Submitted to: International Workshop Characterization and Measurement Hydraulic Propertie
Publication Type: Proceedings
Publication Acceptance Date: 11/21/1997
Publication Date: N/A
Citation: Interpretive Summary: Properties of the soil surface directly influence how much water infiltrates during rainfall and irrigation, as well as, how much water is lost to evaporation from the soil surface. The amounts of infiltration and evaporation impact farmers' ability to produce crops economically, as well as, influencing the soil water balance and ultimately the movement of water rand any water borne contaminants that reach the water table. Over the lon term, tillage practices may influence these soil hydraulic properties, and some tillage practices may be more desirable from a soil water balance point of view. We used a combination of field and laboratory measurements to find the soil properties that resulted from 12 years of no-tillage (NT) and conventional tillage (CT) on two crop rotations: wheat-sorghum-fallow (WSF) and wheat-fallow (WF). Field measurements involved tests of a new multiple-reservoir tension infiltrometer. The new infiltrometer performed well and allowed field measurements not previously attainable. Measured water retention curves showed marked differences between NT and CT treatments. The more dense NT soils had a less steep drop off of water content as tension increased. The measured hydraulic conductivity (K) curves showed that K was greater in CT than in NT for both WF and WSF rotations over most of the water content range from 0.1 to 0.5 m**3 m**-3. This indicates that infiltration into conventionally tilled plots would be higher. The measured hydraulic properties are essential input data for computer models predicting crop water use, runoff, and soil water movement to the water table.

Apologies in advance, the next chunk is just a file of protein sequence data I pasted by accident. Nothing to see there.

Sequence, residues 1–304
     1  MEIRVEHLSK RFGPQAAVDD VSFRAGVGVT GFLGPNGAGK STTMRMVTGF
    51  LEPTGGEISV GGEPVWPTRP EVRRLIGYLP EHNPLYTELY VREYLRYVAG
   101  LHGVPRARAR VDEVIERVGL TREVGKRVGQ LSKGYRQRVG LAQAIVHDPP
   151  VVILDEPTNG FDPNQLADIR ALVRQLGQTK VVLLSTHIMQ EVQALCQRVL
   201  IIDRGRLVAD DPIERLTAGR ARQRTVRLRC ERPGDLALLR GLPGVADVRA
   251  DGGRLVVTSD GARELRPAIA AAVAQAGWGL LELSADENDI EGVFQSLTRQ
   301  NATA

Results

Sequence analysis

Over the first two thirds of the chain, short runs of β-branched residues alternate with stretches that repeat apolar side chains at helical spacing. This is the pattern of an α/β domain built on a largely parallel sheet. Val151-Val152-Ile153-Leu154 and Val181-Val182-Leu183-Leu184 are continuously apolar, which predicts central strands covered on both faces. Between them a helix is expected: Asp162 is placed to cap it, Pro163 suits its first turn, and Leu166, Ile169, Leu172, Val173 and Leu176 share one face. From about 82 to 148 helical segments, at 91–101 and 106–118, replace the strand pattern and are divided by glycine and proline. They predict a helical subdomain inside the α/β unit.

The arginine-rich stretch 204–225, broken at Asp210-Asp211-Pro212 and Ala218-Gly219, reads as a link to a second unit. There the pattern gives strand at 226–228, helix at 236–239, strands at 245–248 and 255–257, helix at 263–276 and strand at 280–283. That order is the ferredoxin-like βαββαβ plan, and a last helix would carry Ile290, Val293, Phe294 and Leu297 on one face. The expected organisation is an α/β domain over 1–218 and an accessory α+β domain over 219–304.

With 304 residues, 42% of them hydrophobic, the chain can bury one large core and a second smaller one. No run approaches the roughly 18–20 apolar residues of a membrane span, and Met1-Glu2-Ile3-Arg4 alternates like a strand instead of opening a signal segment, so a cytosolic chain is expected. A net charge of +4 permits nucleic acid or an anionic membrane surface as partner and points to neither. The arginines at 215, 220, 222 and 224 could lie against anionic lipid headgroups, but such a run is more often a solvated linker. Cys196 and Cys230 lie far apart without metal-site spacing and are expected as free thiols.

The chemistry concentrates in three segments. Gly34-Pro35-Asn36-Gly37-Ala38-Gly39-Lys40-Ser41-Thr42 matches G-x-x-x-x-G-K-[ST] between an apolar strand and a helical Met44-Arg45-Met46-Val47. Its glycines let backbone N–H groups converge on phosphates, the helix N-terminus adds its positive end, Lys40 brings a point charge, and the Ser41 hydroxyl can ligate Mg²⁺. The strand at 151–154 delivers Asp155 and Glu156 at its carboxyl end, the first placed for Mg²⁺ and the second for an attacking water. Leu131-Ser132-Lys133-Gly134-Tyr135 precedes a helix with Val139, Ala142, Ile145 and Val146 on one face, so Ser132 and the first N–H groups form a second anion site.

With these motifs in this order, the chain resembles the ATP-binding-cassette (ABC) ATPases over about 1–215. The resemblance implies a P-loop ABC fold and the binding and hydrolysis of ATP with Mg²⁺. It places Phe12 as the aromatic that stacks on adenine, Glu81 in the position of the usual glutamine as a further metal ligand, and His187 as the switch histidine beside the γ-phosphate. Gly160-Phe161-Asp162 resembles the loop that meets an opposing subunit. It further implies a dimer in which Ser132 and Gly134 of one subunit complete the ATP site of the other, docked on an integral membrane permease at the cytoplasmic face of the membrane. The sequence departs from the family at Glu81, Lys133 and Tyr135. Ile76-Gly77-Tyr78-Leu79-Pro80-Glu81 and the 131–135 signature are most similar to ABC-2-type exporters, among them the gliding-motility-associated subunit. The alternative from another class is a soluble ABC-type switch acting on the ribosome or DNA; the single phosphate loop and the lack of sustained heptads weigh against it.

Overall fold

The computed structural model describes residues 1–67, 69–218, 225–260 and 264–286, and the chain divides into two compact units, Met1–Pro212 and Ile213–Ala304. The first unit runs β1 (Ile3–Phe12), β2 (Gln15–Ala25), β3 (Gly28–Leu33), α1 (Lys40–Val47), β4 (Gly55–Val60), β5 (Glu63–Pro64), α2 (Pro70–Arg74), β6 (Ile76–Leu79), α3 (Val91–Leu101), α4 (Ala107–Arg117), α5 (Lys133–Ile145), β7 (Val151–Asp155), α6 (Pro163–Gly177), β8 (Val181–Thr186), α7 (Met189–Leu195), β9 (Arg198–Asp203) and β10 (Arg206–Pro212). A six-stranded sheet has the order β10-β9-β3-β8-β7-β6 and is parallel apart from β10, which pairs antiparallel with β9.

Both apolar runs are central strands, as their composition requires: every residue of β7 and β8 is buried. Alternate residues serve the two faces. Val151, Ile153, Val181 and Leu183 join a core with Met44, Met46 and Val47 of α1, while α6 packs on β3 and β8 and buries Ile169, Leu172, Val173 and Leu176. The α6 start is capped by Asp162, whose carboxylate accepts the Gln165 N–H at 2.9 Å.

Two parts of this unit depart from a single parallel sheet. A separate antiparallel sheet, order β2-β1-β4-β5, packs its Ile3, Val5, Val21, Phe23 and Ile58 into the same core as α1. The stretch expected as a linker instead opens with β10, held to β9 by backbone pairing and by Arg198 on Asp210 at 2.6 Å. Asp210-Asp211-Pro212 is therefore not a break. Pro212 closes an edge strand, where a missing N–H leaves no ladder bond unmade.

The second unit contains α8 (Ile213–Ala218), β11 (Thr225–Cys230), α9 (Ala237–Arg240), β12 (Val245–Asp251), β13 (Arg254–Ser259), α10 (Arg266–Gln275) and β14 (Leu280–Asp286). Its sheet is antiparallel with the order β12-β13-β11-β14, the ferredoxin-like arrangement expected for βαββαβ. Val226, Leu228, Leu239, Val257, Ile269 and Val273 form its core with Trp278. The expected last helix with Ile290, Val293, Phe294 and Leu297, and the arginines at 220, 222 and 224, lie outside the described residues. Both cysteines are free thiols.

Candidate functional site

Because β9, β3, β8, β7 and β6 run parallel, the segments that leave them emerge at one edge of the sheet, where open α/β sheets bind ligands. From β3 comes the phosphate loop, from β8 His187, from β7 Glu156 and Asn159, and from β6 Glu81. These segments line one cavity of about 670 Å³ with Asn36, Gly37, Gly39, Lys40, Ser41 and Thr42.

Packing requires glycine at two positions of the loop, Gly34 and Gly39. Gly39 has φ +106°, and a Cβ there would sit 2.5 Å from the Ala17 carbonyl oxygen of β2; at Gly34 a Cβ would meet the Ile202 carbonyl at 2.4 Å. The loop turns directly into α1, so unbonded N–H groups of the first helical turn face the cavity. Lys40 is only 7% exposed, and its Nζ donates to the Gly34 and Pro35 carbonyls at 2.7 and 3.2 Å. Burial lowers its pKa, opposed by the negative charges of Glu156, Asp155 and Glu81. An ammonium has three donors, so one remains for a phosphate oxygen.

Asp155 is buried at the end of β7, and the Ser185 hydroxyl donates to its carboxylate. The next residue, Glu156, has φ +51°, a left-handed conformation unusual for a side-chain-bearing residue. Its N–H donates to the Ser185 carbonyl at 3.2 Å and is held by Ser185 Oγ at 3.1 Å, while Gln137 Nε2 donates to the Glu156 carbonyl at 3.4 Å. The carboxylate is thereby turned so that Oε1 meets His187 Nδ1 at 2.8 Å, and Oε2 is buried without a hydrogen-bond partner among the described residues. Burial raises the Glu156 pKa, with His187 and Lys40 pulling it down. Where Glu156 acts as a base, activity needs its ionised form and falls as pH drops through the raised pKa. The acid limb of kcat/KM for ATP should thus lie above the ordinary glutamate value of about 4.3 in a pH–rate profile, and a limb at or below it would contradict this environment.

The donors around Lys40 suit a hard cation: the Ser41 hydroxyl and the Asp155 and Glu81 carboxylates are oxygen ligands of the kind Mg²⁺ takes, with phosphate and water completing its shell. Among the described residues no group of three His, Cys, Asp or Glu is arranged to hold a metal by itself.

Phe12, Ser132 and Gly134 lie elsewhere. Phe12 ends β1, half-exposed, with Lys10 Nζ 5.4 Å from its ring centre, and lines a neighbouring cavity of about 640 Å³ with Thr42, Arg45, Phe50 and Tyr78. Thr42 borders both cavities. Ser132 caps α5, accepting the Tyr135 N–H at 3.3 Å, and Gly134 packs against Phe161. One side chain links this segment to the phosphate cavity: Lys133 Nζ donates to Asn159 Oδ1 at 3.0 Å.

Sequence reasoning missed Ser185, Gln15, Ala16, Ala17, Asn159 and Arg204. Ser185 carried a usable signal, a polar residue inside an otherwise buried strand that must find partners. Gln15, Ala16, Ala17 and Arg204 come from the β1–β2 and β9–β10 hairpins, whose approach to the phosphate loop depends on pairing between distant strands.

Technical Abstract: Soil surface hydraulic properties directly influence infiltration as well as the movement of soil water to the surface during drying. We measured surface soil hydraulic properties on 12-year-old no-till (NT) and conventional (stubble mulch) tillage (CT) plots; each of which was farmed with either a wheat-sorghum-fallow (WSF) or a wheat-fallow (WF) rotation. Single- and multiple-reservoir tension infiltrometers measured steady stat infiltration rates at four tensions (nominally 2.0-, 1.5-, 1.0-, and 0.5- kPa applied in that order). Initial soil water contents were measured by taking volumetric soil samples. Final soil water contents were inferred from the final measured tension at steady state and the soil water retention curve. Hanging water column and pressure plate techniques were used to measure the retention curves on undisturbed core samples. Wooding's equation was solved by nonlinear optimization for K(h) values. The K(h) and THETA(h) data were fitted to Mualem's and van Genuchten's forms for the retention and hydraulic conductivity curves, respectively, using the RETC program (r**2 >/= 0.99). The fitted water retention curves show marked differences between NT and CT treatments. The more dense NT soils had a less steep drop off of water content as tension increased. The fitted values of THETAs were close to the values of porosity from bulk density data except in the case of WSFCT which gave fitted THETAs of 0.52, somewhat below the porosity of 0.56. The overall fitted K(h) curves showed that K was greater in CT than in NT for both WF and WSF rotations over most of the water content range from 0.1 to 0.5 m**3/m**3.